That made Crystal’s day, she said. “It was like God talking to me.”
Crystal knows that God has her where He is using her and she is making a difference. When this is over and life returns to normal, she hopes she and her family will become more involved with their church and work that reaches to others to share the gospel.
Crystal says that those of us who are not in these hot zones but just quarantined in our homes, should pray for the sick and the health care workers and for the health and safety of all of us. She encouraged us to make sure our neighbors have food and supplies, especially the elderly. Because she is staying connected to her elderly Northwell patients—she especially feels their plight of being alone and often anxious and depressed. “Reach out to them by phone,” she told me.
“This is happening for a reason,” Crystal comments. She hopes that it will cause us as a country to prioritize our values better. To realize what is important and what is not as important. For herself, she desires to get closer and closer to God. Not a bad idea for any of us!
Emma’s Story, written by Emma
My name is Emma and I live in Casper, Wyoming. My faith has definitely been put to the test recently. It is currently my senior year in high school and now it seems that COVID-19 has taken a lot of things away from me. I had big plans for this time in my life, but those plans have now been whisked away like they were never made.
I know this is a hard time for everyone, but as a 17-year-old girl who has been planning my 18th birthday, my first prom, and my graduation—it sucks for all of those things to be taken away. It put a bit of a strain on my relationship with God because these were things I had been looking forward to since before I even started high school. This was supposed to be my year. I’ve watched all the previous seniors enjoy the fruit of their hard work. It was supposed to be my turn to celebrate my own accomplishments with my own family and friends.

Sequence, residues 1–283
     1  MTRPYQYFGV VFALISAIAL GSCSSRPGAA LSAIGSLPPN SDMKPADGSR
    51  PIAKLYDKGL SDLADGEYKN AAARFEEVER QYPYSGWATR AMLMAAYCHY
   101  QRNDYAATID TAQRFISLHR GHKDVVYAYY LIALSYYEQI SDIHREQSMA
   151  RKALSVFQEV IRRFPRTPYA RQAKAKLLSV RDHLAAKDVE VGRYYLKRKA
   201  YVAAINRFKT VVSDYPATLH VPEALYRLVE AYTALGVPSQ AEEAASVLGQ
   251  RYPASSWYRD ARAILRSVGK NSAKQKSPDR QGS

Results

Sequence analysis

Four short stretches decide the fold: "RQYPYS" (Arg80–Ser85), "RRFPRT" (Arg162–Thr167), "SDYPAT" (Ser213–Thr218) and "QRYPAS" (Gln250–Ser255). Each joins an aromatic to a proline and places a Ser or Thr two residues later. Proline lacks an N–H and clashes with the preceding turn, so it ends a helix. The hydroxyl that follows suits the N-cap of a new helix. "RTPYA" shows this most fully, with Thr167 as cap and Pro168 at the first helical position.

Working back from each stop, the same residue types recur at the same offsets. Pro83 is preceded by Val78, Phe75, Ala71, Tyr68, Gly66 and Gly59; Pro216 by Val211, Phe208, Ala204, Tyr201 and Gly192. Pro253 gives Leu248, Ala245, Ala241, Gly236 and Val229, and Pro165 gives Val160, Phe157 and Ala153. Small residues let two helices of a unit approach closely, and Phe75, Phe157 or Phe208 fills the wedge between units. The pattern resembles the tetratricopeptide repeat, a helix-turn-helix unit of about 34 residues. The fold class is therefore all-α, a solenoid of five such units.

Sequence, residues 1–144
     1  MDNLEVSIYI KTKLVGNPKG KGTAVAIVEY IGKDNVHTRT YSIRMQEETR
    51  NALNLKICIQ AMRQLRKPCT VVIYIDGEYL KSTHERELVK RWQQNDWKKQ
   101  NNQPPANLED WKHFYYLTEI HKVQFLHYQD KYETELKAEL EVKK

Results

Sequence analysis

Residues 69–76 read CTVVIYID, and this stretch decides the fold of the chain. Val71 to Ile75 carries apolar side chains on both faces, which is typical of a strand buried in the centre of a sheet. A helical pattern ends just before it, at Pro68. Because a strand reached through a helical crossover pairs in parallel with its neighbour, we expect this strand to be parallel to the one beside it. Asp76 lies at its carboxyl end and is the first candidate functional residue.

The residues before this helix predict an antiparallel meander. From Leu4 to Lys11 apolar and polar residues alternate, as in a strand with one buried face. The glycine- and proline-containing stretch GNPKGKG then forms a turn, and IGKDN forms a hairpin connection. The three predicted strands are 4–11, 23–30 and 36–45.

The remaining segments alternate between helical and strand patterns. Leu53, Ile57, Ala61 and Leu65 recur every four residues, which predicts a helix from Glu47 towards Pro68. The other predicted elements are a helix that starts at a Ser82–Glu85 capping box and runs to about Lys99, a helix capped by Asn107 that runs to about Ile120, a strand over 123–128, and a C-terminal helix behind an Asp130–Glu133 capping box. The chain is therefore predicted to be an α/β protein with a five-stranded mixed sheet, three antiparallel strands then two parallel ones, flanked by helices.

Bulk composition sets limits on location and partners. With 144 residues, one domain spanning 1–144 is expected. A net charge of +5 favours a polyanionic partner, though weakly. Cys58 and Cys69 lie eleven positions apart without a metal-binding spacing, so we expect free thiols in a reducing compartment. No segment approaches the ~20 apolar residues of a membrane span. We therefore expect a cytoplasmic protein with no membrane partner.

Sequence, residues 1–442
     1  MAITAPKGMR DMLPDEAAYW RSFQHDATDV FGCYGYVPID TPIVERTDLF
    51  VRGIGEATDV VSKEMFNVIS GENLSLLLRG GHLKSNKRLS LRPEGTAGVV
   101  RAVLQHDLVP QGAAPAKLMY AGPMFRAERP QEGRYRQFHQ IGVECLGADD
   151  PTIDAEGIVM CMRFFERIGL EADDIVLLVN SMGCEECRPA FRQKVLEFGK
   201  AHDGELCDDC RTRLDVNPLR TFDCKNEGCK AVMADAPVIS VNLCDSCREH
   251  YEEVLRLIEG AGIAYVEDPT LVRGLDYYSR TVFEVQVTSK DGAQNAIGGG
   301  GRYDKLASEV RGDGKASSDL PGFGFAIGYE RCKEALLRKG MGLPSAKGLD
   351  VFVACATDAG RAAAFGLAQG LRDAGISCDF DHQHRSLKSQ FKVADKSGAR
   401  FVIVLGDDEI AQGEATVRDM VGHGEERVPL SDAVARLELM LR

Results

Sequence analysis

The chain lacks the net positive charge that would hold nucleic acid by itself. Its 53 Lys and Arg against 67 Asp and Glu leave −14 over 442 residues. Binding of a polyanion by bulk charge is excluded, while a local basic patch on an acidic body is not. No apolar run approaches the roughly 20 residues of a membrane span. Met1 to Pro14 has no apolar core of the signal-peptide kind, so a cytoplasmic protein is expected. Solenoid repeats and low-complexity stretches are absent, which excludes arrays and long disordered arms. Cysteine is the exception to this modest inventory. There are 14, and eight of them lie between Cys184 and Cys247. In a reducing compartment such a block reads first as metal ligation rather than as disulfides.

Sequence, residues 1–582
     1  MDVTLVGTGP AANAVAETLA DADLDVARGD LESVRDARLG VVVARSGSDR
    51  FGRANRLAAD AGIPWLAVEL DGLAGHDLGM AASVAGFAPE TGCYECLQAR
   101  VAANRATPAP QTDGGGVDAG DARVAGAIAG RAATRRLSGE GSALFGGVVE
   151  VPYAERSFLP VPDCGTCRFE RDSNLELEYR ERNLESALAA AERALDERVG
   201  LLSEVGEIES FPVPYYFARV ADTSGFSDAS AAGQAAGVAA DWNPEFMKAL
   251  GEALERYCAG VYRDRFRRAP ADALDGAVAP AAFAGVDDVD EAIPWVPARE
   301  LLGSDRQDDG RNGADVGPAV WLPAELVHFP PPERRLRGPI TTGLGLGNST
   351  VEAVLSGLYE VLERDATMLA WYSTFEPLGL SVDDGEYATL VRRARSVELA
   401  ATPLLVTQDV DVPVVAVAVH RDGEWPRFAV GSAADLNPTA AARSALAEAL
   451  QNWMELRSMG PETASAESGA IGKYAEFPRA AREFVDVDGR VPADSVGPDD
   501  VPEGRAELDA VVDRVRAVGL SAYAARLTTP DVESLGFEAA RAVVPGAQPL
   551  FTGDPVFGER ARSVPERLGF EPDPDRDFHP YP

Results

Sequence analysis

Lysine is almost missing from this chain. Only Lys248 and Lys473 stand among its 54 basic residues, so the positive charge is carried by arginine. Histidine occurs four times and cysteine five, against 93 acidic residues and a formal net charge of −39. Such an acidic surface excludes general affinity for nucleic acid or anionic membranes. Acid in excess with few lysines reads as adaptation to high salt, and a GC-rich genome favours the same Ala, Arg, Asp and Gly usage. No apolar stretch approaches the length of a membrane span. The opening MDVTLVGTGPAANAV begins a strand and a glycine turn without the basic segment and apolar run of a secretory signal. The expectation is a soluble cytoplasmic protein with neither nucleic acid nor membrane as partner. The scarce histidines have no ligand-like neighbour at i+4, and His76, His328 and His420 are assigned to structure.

Now, the Class of 2020 might not get any of that. The seniors who were relying on track scholarships to get them through college might not be able to secure them. Choir and band kids will no longer get to celebrate their final concert this spring. It is looking very possible that the seniors of 2020 might not even be allowed to walk or have a graduation ceremony. So, while we are walking through this muddy water, how do we trust that we can rely on God?
“ Worshipping God is a struggle at times… ‘Father, not my will, but your will be done.’ ”
I know that God has an amazing plan for my life and that I should be able to trust him through anything. Saying that simple sentence is the easy part, but believing it is where things get difficult. Worshipping God is a struggle at times. A good Bible verse that I’ve been trying to keep in mind during all of this is Luke 22:42, which reads, “Father, not my will, but your will be done.”
This verse is something I think God has placed on my heart recently to remind me that sometimes he has a plan greater than I could expect. I think it’s a good reminder that sometimes my idea of the “right way” is not the way God has things planned. It is better to trust that things will work out if I hand my worries and struggles over to him, instead of trying to fix them on my own. I firmly believe that God has a plan for everyone and if that means my senior year doesn’t go as originally planned, then I’ll have to learn to be okay with that.
This doesn’t have to ruin my year if I don’t let it. This is still my senior year, and I can still celebrate my accomplishments; I will just have to do it differently. If we remember to rely on God and one another during this time, then we will all get through it together. After all, fellow seniors, we will always be the class of 2020.
Emma is my distant cousin. I have never met her, but her grandmother posted this video of Emma and her dad singing on Facebook. What she said before they sang, gave me the ideas of having her write for my blog and to share that video, both of which are so appropriate in these times. Please listen!